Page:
Pioneering in her ability to create a feeling through the combination of the functionality and aesthetics of her creations, Boronkay is a busy lady, traveling the world to oversee the groups newest global openings. For Nick Jones, Soho House’s founder, deciding to open a new club for the brand is always about finding the right building rather than location. Each club has a history and the team begins every project through a conversation with a local historian to understand the buildings past, aiming to bring it’s natural characteristics to life in the redesign. Furniture is either bought vintage or custom made - something Boronkay is very much involved in from her experience of product design during her time with Tom Dixon. The design process is a lengthy one that sees her and her team take into account everything from the history of the building to the important aspects of comfort and functionality of the buildings various spaces, all while keeping the celebrated strong, distinctive style of Soho House very much in tact. And she does it seamlessly. 

During her lengthy and successful career, the designer has developed a diverse and impressive portfolio in luxury hospitality and residential design. Some of her completed projects include work for Nobu, Jamie Oliver, Qantas, Morgans Hotel Group, Four Seasons Hotels & Resorts, Starwood Capital Group, Lend Lease and of course Soho House. Spanning 4 continents and 10 countries, you’re bound to stumble upon a Linda Boronkay creation no matter where your travels may take you.



Who Is.. Mr. Pearl

StyleRebecca O'ByrneComment
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With his 18 inch trained waistline, Mark Erskine-Pullin famously known as Mr. Pearl is something of a 21st century genius and a mysterious father figure in the fashion world. It is not just his commitment to his beloved craft as a corsetier - he wears a corset 24 hours a day, 7 days a week (relieving himself of the garments only to bath) - that he really skyrocketed to fame but rather the fact that he is arguably the most iconic, talented and sought-after corset maker in existence.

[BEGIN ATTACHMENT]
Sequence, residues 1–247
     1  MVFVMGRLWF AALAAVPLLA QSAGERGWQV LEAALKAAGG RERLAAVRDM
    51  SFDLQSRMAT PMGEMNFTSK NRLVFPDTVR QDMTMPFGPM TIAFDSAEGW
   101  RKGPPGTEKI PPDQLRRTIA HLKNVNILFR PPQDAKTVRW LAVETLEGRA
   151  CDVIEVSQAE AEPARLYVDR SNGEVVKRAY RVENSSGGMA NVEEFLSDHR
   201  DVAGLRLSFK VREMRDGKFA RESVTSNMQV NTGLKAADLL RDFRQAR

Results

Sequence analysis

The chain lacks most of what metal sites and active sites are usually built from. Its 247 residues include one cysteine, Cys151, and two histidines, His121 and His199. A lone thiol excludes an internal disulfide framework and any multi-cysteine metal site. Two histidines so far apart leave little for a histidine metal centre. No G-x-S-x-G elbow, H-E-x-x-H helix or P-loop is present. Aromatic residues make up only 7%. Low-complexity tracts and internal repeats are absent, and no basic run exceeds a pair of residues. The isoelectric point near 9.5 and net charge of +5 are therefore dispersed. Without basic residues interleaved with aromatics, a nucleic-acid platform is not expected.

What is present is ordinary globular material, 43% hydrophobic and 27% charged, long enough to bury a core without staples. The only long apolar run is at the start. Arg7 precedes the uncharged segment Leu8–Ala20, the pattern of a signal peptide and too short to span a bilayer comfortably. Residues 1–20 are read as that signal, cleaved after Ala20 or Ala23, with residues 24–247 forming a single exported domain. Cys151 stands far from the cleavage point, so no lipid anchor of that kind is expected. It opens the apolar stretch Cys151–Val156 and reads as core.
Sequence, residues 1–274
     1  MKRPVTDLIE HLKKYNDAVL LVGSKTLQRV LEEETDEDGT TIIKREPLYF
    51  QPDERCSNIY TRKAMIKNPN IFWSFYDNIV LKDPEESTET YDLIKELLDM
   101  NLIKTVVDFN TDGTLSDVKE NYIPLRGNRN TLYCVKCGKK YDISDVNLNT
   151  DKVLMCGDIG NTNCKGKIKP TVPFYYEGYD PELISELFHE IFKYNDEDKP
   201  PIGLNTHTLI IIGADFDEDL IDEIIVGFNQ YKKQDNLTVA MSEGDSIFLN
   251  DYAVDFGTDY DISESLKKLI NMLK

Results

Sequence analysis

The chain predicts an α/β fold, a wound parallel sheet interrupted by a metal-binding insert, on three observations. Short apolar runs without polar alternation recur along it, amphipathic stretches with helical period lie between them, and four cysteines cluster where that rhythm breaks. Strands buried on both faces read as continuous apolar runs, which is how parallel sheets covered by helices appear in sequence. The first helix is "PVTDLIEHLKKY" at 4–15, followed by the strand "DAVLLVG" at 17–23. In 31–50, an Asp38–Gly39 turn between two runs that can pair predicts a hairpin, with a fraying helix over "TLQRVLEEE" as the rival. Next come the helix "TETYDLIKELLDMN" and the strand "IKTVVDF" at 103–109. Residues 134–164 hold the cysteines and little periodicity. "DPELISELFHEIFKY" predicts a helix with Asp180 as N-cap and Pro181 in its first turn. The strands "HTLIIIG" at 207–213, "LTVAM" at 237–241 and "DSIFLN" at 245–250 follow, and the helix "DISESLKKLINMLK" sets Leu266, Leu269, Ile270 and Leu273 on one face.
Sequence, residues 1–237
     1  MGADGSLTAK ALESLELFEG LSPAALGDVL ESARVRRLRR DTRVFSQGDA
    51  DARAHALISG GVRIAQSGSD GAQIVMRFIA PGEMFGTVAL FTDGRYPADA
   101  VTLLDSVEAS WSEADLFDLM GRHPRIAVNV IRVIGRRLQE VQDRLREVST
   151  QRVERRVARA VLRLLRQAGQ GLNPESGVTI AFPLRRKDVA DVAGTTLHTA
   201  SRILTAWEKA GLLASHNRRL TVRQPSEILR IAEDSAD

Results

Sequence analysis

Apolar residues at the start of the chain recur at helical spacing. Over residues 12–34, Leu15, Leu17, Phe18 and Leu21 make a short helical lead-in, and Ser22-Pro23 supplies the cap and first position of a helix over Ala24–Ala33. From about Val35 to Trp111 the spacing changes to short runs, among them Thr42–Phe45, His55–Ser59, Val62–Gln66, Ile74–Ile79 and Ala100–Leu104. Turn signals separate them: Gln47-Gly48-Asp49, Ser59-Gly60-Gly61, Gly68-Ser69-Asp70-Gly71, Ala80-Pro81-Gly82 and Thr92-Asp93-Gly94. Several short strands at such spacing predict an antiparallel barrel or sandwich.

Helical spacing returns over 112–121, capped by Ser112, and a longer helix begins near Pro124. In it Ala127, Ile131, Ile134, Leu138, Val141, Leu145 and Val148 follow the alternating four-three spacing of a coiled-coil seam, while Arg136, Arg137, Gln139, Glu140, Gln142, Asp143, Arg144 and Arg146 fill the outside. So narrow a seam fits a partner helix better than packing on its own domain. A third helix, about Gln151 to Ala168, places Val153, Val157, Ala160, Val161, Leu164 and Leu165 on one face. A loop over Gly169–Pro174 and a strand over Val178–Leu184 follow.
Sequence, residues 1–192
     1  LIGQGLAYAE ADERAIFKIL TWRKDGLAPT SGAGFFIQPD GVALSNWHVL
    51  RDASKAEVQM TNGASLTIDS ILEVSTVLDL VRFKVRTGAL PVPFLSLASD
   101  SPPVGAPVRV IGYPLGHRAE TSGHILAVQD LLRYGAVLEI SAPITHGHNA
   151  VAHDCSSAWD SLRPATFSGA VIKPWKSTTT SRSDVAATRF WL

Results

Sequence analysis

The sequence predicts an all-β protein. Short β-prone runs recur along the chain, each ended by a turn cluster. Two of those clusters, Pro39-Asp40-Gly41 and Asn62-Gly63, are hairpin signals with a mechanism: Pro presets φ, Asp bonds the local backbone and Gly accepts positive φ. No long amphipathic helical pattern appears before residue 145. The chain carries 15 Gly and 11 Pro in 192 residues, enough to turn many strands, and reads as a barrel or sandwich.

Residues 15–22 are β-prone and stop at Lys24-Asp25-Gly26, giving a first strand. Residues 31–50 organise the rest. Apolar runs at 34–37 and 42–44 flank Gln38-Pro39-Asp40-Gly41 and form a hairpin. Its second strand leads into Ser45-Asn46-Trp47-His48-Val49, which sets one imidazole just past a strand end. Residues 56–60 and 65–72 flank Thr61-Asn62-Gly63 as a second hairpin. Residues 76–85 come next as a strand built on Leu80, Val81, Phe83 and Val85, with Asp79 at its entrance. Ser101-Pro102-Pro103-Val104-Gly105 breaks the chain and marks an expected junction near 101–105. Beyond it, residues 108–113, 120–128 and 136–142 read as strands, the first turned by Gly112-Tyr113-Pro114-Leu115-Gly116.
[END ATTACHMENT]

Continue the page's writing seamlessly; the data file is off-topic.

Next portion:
Born in South Africa in 1962, he grew up in a working class family and lived a modest life there with his father Neil, an English toolmaker and his half-English, half-Dutch mother Yvette. Upon their divorce however, he was sent to live with his grandparents Hetty and Ruben Searle. Falling in love with corsets and the art of waist training at a young age, his fascination was encouraged living with his Grandmother, where he would lace her into her corsets upon her request and, loving every minute of it, so his journey into the fashion world was born. Feeling under much pressure to conform, Pullin married a South African actress but later ended it before moving to London, where he found his freedom. He worked as a dresser and costume designer for the Royal Opera House in Covent Garden by day and by night he was a regular nightclub attendee and performer - going under his alter ego “Pearl”; it was later that Isabella Blow named him “Mr. Pearl”, which has stuck ever since. 

After a stint working under the legendary performance artist, fashion designer and club promoter, Leigh Bowery, Pullin moved to Paris to pursue his career as a corsetier after meeting designer Thierry Mugler at the Love Ball in New York City. Paris has become his home and there he works on a made-to-order basis for private clients only. Marking a history of controversy, the corset is often seen as a symbol of female oppression, yet to the contrary a sign of sexuality, power and the pursuit of pleasure. For Pullin it is a form of self-discipline and of his work he says, “it is not about being fashionable. I do not follow fashion at all. I’m interested in an ideal, a kind of expression of elegance, which really has nothing to do with fashion”.

From conception to materialisation, a Mr. Pearl piece can take months of hard work and craftsmanship. Mr. Pearl has produced creations for designers such as Chloe, John Galliano, Thierry Mugler, Jean Paul Gaultier, Alexander McQueen, Christian Lacroix and Antonio Berardi, while celebrities like Kylie Minogue, Jerry Hall, Sophie Dahl, Victoria Beckham, Kim Kardashian not forgetting his long-term collaborator Dita Von Teese have been known to wear his designs.